Antiestrogenic and anticancer activities of peptides derived from the active site of alpha-fetoprotein

ACS Citation

Joseph, L. C.; Bennett, J. A.; Kirschner, K. N.; Shields, G. C.; Hughes, J.; Lostritto, N.; Jacobson, H. I.; Andersen, T. T. Antiestrogenic and Anticancer Activities of Peptides Derived from the Active Site of Alpha-Fetoprotein. J. Pept. Sci. 2009, 15 (4), 319-€“325.


Cyclo{\{}[{\}}EKTOVNOGN] (AFPep), a cyclic 9-amino acid peptide derived from the active site of alpha-fetoprotein, has been shown to prevent carcinogen-induced mammary cancer in rats and inhibit the growth of ER(+) human breast cancer xenografts in mice. Recently, studies using replica exchange molecular dynamics predicted that the TOVN region of AFPep might form a dynamically stable putative Type I beta-turn, and thus be biologically active without additional amino acids. The studies presented in this paper were performed to determine whether TOVN and other small analogs of AFPep would inhibit estrogen-stimulated cancer growth and exhibit a broad effective-dose range. These peptides contained nine or fewer amino acids, and were designed to bracket or include the putative pharmacophoric region (TOVN) of AFPep. Biological activities of these peptides were evaluated using an immature mouse uterine growth inhibition assay, a T47D breast cancer cell proliferation assay, and an MCF-7 breast cancer xenograft assay. TOVN had very weak antiestrogenic activity in comparison to AFPep's activity, whereas TOVNO had antiestrogenic and anticancer activities similar to AFPep. OVNO, which does not form a putative Type I beta-turn, had virtually no antiestrogenic and anticancer activities. A putative proteolytic cleavage product of AFPep, TOVNOGNEK, significantly inhibited E(2)-stimulated growth in vivo and in vitro over a wider dose range than AFPep or TOVNO. We conclude that TOVNO has anticancer potential, that TOVNOGNEK is as effective as AFPep in suppressing growth of human breast cancer cells, and that it does so over a broader effective-dose range.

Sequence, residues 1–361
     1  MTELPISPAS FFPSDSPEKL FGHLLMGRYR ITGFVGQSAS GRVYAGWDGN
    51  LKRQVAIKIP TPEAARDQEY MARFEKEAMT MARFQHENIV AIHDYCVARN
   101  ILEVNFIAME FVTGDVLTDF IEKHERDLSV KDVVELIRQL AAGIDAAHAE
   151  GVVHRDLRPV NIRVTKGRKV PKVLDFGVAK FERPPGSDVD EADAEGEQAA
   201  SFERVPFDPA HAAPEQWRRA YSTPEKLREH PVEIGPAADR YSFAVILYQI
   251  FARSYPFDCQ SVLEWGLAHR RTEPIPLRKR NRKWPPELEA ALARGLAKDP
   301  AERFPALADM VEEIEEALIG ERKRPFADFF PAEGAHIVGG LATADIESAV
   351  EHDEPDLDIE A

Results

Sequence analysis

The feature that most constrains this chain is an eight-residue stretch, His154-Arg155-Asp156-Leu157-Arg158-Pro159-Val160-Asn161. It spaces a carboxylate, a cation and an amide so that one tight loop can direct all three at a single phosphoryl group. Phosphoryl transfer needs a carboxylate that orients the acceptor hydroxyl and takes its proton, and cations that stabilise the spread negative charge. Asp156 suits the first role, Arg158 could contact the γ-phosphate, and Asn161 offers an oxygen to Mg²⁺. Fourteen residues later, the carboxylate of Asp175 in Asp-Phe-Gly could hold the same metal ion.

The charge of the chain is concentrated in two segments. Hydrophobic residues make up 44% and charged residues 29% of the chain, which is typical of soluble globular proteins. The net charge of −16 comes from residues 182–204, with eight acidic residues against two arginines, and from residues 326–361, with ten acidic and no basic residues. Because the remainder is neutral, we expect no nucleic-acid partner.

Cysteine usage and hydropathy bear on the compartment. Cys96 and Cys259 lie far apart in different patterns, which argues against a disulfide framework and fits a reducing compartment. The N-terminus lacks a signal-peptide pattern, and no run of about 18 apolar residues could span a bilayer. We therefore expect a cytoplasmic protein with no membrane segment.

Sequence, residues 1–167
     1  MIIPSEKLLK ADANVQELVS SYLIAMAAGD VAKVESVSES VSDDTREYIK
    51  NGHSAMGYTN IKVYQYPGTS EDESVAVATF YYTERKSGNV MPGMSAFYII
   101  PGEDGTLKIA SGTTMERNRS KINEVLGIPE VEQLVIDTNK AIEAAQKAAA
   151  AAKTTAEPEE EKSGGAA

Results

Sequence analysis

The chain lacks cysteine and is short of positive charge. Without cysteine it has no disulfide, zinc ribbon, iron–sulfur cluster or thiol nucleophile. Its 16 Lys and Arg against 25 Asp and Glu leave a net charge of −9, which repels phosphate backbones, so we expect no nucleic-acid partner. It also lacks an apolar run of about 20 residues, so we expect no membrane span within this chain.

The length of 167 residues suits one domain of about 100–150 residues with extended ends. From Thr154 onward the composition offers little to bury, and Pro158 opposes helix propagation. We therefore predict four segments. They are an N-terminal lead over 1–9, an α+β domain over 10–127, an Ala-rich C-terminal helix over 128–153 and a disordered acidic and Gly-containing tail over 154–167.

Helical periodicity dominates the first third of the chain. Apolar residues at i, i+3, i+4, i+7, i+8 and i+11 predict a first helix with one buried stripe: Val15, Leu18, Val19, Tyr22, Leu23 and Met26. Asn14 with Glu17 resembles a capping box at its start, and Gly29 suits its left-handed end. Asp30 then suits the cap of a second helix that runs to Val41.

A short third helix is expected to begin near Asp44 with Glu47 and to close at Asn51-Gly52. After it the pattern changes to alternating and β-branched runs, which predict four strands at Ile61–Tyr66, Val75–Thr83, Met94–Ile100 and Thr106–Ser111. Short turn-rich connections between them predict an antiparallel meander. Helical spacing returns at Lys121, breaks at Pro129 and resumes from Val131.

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Journal of Peptide Science

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